Chan Gailey’s three year run as head coach of the Buffalo Bills came to an end yesterday after the team’s third consecutive season without a winning record and 13th straight year without a playoff birth. Gailey finished with a record of 16-32 during his tenure and was cut loose after what looked to be a promising 2012 squad grossly underperformed to the tune of a 6-10 record. Examining the reasons for Gailey’s shortcomings may seem to be an exercise in futility but I’ve also been fond of George Santayana’s adage: “Those who cannot remember the past are condemned to repeat it.”
Gailey was anything but a popular choice when then recently hired General Manager Buddy Nix named him as his coach in January of 2010. Rumors ran rampant that Ralph Wilson was willing to dish out big money to attract a name like Shanahan, Cowher, or Gruden but in the end Nix and Wilson went with the low cost option of hiring Gailey. For a time after the dust settled on the Cowher talk and Shanahan went to the Redskins, the top candidate looked to be then-Vikings D-Coordinator Leslie Frazier. Wilson hired Gailey, Frazier stuck it out in Minnesota, was named interim head coach after Brad Childress was fired the next season and as the permanent head coach this season led an underdog team to the sixth and final NFC playoff spot on Sunday.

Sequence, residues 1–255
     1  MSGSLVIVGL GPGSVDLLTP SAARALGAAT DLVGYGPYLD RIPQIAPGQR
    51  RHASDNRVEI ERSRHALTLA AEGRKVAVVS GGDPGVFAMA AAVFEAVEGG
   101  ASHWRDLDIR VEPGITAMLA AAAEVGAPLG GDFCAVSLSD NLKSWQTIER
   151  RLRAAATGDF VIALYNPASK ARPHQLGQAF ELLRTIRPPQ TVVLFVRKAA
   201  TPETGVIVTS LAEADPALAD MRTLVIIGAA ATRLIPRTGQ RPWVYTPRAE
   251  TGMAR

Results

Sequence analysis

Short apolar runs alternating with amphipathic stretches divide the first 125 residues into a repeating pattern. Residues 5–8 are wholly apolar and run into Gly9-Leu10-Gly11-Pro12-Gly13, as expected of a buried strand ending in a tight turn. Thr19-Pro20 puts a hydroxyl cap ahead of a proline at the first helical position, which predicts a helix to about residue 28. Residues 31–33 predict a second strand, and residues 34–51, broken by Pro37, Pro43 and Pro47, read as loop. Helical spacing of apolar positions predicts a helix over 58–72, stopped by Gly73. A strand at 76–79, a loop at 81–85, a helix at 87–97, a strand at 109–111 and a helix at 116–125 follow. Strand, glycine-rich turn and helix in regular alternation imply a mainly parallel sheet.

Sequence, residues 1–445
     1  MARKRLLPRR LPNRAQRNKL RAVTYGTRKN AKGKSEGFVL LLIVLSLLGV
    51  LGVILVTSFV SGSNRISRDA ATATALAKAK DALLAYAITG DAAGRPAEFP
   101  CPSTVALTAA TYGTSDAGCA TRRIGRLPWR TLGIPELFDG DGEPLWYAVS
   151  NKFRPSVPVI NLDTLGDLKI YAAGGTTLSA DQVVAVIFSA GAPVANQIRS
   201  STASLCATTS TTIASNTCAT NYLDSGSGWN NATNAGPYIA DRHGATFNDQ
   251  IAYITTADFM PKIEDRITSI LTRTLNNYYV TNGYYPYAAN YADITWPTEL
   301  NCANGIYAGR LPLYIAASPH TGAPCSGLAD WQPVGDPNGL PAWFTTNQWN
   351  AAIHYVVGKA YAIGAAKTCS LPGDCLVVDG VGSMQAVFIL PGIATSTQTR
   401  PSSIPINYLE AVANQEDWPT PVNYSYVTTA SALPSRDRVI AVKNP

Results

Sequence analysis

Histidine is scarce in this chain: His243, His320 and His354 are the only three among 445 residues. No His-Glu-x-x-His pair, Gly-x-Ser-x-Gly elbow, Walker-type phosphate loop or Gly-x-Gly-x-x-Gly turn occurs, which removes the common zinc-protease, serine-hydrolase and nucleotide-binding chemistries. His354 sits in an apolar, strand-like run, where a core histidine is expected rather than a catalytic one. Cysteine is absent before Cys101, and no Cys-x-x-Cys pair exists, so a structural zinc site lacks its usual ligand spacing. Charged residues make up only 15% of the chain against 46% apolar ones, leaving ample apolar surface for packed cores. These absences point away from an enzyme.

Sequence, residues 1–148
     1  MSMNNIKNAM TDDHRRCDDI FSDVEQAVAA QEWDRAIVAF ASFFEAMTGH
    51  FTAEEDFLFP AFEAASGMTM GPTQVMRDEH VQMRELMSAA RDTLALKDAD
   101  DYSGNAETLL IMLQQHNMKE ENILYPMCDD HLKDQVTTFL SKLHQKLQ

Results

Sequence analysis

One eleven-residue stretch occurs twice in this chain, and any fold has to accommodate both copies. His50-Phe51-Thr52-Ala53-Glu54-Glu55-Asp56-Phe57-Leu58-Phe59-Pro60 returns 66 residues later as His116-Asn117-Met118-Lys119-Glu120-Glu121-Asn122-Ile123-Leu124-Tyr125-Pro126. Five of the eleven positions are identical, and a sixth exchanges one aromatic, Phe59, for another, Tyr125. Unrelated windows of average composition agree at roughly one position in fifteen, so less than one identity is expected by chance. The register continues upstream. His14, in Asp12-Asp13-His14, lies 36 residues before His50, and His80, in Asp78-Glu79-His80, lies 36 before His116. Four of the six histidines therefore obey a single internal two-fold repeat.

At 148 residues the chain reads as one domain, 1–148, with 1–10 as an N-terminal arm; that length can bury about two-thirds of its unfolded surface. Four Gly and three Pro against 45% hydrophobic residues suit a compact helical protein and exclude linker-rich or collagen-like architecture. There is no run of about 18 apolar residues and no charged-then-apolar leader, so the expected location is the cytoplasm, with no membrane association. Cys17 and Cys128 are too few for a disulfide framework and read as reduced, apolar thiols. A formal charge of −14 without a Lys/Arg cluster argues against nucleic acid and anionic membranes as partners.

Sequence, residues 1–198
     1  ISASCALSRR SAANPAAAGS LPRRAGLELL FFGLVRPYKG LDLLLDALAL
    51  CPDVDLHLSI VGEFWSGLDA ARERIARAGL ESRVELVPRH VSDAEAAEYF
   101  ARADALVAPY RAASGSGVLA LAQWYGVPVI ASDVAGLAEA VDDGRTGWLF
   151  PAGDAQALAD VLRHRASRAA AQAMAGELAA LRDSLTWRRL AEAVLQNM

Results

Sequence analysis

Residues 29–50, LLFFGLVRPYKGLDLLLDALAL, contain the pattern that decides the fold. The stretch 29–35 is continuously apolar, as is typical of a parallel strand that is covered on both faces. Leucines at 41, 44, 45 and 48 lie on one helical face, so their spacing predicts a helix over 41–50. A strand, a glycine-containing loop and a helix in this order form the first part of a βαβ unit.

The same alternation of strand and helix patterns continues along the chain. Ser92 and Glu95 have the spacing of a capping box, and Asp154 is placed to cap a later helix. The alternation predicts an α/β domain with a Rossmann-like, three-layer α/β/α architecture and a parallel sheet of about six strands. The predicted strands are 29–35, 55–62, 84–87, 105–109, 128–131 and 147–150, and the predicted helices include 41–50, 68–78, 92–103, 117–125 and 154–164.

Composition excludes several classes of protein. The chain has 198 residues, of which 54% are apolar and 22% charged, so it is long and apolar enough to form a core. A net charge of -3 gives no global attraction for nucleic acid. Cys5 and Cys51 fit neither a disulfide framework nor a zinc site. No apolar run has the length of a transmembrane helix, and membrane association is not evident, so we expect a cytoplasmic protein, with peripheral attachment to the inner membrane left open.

When Gailey signed on he didn’t have huge shoes to fill but he had an enormous task at hand, restoring hope in an exceedingly disgruntled fan base, rebuild a team that’s best player at the time arguably was Lee Evans and end a 10 year playoff drought. His first major decision as head coach was to switch to a 3-4 defense with not defined nose tackle and a linebacking corps that was one of the worst in the league. He added minor free agents in Andra Davis and Dwan Edwards in the offseason before drafting C.J. Spiller as his first pick at the helm with a stable of running backs that included former first round pick Marshawn Lynch and upstart workhorse Fred Jackson. The rest of the draft featured a slew of unheard of picks the likes of Torel Troup, Alex Carrington and Marcus Easley.